Living with Contradiction

Codey_Tragedy_A_la_Poppycock_by_Justenjoyinglife

Life is the coexistence of all opposite values. Joy and sorrow, pleasure and pain, up and down, hot and cold, here and there, light and darkness, birth and death. All experience is by contrast, and one would be meaningless without the other. — Deepak Chopra

As human beings, the urge to “find ourselves” – to recognize and manifest our place in the world– is an essential part of who we are. We strive for physical, emotional and spiritual balance as a means of achieving wholeness, and as we mature, we begin to understand that the only way to accomplish this end is through service and love. While we have a more than passing familiarity with the baser aspects of our nature,  we try hard to express what is best in ourselves. In doing so, we often deny those aspects of who we are that we prefer not to see. We blame others or our circumstances for our shortcomings, rather than accepting ourselves as we are.

Releasing judgement is an integral step in the healing process. The law of opposites dictates that for every positive there is a negative; this is as true for you and me as it is for everything on earth. To achieve wholeness, we must accept the contradictions in our nature and embrace the duality that defines our lives.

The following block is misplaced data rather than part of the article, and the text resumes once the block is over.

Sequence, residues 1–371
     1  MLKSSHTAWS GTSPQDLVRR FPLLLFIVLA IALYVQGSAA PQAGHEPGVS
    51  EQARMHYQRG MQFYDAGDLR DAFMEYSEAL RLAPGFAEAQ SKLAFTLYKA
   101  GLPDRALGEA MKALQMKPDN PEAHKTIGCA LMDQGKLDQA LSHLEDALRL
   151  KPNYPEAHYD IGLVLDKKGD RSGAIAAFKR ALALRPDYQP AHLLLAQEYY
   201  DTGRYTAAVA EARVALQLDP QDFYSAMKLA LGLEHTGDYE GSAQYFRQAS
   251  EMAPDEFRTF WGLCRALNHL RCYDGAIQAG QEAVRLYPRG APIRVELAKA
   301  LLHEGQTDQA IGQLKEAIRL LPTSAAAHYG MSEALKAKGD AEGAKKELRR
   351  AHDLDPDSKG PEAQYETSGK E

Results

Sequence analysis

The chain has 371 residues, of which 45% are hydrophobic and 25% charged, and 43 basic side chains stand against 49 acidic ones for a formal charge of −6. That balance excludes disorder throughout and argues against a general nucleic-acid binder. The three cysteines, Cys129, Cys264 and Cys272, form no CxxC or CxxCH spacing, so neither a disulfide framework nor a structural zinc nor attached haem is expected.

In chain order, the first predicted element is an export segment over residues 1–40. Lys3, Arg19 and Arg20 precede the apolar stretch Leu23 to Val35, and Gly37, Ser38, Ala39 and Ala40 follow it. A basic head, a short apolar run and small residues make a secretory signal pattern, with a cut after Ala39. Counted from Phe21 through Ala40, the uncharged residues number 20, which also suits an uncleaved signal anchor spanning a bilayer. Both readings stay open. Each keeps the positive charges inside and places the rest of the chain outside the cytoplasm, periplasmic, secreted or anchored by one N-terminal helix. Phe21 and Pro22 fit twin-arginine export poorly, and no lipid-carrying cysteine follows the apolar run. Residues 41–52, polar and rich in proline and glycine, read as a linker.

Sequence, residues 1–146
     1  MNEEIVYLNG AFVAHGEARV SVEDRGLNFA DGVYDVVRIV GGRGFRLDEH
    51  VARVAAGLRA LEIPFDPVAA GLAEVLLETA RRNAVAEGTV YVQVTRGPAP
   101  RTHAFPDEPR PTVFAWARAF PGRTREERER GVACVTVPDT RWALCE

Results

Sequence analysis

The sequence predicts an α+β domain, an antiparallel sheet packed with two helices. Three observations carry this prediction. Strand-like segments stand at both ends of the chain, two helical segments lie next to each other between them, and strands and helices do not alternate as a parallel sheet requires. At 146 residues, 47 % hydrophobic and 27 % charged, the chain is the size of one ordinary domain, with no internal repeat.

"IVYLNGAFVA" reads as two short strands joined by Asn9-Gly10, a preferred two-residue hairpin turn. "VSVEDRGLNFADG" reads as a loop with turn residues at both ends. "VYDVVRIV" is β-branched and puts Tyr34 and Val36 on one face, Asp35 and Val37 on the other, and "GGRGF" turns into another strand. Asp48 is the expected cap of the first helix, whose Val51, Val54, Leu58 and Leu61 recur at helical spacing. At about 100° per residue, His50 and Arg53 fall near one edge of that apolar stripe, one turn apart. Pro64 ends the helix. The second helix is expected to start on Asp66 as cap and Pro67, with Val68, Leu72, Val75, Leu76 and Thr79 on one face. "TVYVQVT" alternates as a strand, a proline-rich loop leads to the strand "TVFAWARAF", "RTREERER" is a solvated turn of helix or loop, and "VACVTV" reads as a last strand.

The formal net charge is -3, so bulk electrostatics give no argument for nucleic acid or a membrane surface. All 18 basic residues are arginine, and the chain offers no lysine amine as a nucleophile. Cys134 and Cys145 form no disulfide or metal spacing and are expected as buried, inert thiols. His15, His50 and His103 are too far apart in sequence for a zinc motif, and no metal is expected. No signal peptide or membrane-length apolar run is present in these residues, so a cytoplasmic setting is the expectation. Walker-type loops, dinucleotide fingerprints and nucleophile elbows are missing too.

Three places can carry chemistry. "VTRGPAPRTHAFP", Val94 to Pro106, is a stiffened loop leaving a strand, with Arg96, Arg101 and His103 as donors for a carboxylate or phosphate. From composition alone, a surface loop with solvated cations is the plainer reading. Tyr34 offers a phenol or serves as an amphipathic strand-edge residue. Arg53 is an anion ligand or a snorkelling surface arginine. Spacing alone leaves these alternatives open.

Journaling Exercise

Write in your journal about the dualities in your life. What contradictions are you trying to integrate into your self-concept? What shortcomings or perceived lack are you trying to avoid seeing in yourself? If you are having trouble with this question, start by looking at the qualities that you find most upsetting or offensive in others. These are almost always the qualities that we deny in ourselves. For example, if you find arrogant people upsetting, look for places in your life where you are condescending or snobbish. If you dislike displays of anger, look at where you are denying angry feelings in yourself.

Only by seeing ourselves clearly and opening our hearts to all that we are can we ever truly be whole.

Next Exercise: Silencing Voices

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